Performances are delivered one after the other over the coming hours, while the audience busy themselves cheering, taking photos, filming and laughing, in the air filled with the smell of BBQ and fried chicken. The enjoyable atmosphere reminded me of traditional open-air Taiwanese opera or puppet performance although I could sense that what Night Market Theatre was doing was different. Some questions came to mind. Why is it necessary to be in a night market? Is it a sort of environmental theatre*? How is it different from street theatre? What would happen if we changed the location to a creative market? How can we view Night Market Theatre as site-specific art?

Let us examine how Night Market Theatre functions. Performers as stallholders stand by the counter and take the orders from the audience, giving them a numbered queuing card. Performers may introduce and recommend some dishes to you but still you have no idea about what you are going to get. You have to wait after ordering until your number is called. You go to the frame of the stall, the curtain opens, and now you get to see who is the artist/stallholder/chef for you. You pay. The artist presents a performance for you, the duration of which could range from 30 seconds to 5 minutes. The dish here is a participatory one-to-one performance aiming to create a personal, sensory and intimate experience. Not only is the audience member expected to interact with the artist but also to complete the performance with their collaboration. Sometimes the outer curtain is shut and sometimes it is open. This brilliantly transforms the area from an intimate private space to a border space somewhere between private and public. Then there is an opportunity for people to watch at a distance.

In the performance ‘Bitchy’, for instance, the outer curtain was open. After receiving the payment, the performer began to insult the audience member in public. At first the audience may well feel confused or shocked. The person on the receiving end of this abuse is also the person who is in the condition of making the performance workable. The wider public is invited to witness the changing process of the audience member’s emotional reaction: being upset, confused, embarrassed, laughing, or angry. Or, in the performance ‘Embrace’ the outer curtain is shut. The artist came round from behind the stall to where the audience member was standing, and the public could only peep at the lower part of their two bodies below the curtain without fully accessing what they were doing. The audience members become additional performers and the one-to-one interactions subtly shift. The operation of opening or closing the outer curtain encourages visitors to become a certain kind of audience in relation to the public realm as well encouraging them to become participants in the performance scene.

In terms of the artistic strategies here, the ‘general public’ who go to the night market is conceived as the target audience that every performer tries to work with. The approach of Night Market Theatre has left behind the stereotyped language of traditional theatre. Artists take social interactions in daily life, such as telling a story, singing, dancing, party games, fortune telling, and massage as a point of departure to devise their performances, which aim to be accessible to everybody. Building up performances within the social context of ordinary night market life was the aim. It was fitting then, that the duration and price of performances were ‘bite-sized’, and the costumes and props handmade, and low tech. These devices combine to reveal an understanding that Night Market Theatre revolves around the night market as a specific site, rather than the space of a black box.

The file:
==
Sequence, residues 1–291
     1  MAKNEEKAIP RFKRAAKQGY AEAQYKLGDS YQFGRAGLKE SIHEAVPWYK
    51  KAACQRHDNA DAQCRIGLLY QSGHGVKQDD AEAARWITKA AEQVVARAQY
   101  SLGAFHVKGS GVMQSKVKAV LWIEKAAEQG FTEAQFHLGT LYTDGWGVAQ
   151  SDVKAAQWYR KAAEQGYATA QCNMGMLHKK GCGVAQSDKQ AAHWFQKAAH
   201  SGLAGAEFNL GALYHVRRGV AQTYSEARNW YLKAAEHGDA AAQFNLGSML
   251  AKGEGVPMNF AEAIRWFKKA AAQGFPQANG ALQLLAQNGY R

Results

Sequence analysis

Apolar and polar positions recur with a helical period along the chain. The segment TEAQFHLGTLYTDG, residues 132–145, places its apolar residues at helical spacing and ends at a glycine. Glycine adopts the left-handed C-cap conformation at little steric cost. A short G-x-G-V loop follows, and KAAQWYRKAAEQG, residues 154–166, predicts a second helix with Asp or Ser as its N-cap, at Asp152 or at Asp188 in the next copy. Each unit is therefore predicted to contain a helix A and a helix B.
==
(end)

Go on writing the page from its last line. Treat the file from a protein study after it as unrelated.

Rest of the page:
Interestingly, artists as stallholders sell their own bodies as an art meal. They use their bodies to create performance in which there coexist many possible meanings. They invite the audience to participate with their bodies too, creating an interactive process that refers to the state of social relationships in daily life. If strolling in a night market to buy and eat food is the social life-style in Taiwan (or in Asia more generally) from the outsider Joshua Sofaer’s view, then from concept to practice, we can see Night Market Theatre as an art intervention in civic culture that has brilliantly engaged artists and audiences to re-experience the social interaction as contemporary performance. It leads us to rethink how art is something that comes from, and is part of, our everyday life.

Theatre makers have been trying to leave the black box. Audience development and marketing strategies have become trendy ways of trying to get attention. It seems Night Market Theatre has managed to inadvertently generate and realise the campaign slogan: The whole city is a theatre. It has successfully integrated site-specific audience participation and social interaction. As participatory performance practice in a local neighbourhood, Night Market Theatre is a remarkable cross-cultural collaboration.

*Environmental theatre is a branch of the New Theatre movement of the 1960s that aimed to heighten audience awareness of theatre by eliminating the distinction between the audience’s and the actors’ space.

Press & Links

...a great sensation
Thetsai Tian, Keng Sheng Daily News

[Night Market Theatre] goes directly into the corners of everyday life. ...its power and influence transcends the traditional way in which we judge the value of theatre performances, and of course shakes and changes the opinion of the general public on what theatre can be.
Yuhui Fu, Performing Arts Review Platform

Possibilities blossom from the theatre of everyday life.
Pingyao Lee, Shopping Design

With a clever and artful mind and eyes that see through people's thoughts, Joshua Sofaer subverts tradition and leads life with a playful attitude.
Kai-Ping Fang, Performing Arts Review